Comparative leaf blade anatomy and micromorphology in the systematics and phylogeny of Bambusoideae (Poaceae: Poales)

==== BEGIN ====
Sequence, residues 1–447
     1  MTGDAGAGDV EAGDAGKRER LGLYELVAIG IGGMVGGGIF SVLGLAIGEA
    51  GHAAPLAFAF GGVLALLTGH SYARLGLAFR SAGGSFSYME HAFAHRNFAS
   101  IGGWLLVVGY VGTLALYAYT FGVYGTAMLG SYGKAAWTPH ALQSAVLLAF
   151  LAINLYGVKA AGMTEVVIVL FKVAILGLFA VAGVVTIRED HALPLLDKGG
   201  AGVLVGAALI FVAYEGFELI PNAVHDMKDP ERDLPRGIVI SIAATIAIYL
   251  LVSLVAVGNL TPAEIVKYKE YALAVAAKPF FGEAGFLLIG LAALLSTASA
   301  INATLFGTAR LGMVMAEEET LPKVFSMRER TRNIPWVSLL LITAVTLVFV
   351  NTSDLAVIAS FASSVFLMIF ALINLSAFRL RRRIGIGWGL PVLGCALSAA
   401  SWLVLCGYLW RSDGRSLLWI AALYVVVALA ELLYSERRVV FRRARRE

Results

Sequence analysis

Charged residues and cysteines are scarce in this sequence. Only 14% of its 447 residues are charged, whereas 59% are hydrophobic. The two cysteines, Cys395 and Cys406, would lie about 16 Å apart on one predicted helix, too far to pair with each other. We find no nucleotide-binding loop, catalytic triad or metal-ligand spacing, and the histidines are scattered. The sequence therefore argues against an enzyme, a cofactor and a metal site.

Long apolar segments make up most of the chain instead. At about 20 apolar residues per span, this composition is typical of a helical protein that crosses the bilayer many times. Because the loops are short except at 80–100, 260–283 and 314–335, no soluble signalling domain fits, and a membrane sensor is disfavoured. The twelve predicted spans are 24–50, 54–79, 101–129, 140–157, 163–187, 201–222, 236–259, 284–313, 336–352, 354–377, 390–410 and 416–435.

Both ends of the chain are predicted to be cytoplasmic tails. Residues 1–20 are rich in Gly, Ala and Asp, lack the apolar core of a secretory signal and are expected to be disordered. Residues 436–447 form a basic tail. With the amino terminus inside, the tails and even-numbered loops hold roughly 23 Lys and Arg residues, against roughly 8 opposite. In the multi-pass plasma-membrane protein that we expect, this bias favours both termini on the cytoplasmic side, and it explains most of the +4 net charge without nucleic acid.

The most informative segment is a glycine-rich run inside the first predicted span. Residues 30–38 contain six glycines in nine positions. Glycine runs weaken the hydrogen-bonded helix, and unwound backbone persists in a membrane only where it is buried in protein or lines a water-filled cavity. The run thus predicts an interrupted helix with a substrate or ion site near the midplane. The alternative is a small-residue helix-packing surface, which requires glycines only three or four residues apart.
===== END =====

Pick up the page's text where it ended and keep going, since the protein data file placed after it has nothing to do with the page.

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Leaf blade anatomical and micromorphological data have increasingly proved to be useful in the systematics and phylogeny of Bambusoideae. The presence of well-developed, asymmetrically strongly infolded mesophyll cells (arm cells) as seen in cross-section is regarded a synapomorphy for bamboos, whereas many well-known, widely used features for diagnosing groups remain to be formally tested in a comprehensive phylogenetic framework. In this review, we investigate the use of anatomical and micromorphological features in defining and delimiting minor and major groups in Bambusoideae. A general description of the leaf blade as seen in cross-section and surface view is provided for the subfamily, as well as features commonly found in the three currently recognized tribes (Arundinarieae, Bambuseae and Olyreae) and their subtribes. Some features, including midrib vasculature, fusoid cells and stomatal apparatus, are discussed in the light of systematic and phylogenetic perspectives, along with a clarification of terminology. Illustrations of relevant features are also provided. This review allowed us to elucidate anatomical and micromorphological features useful in defining and delimiting lineages but also to highlight some research priorities in Bambusoideae.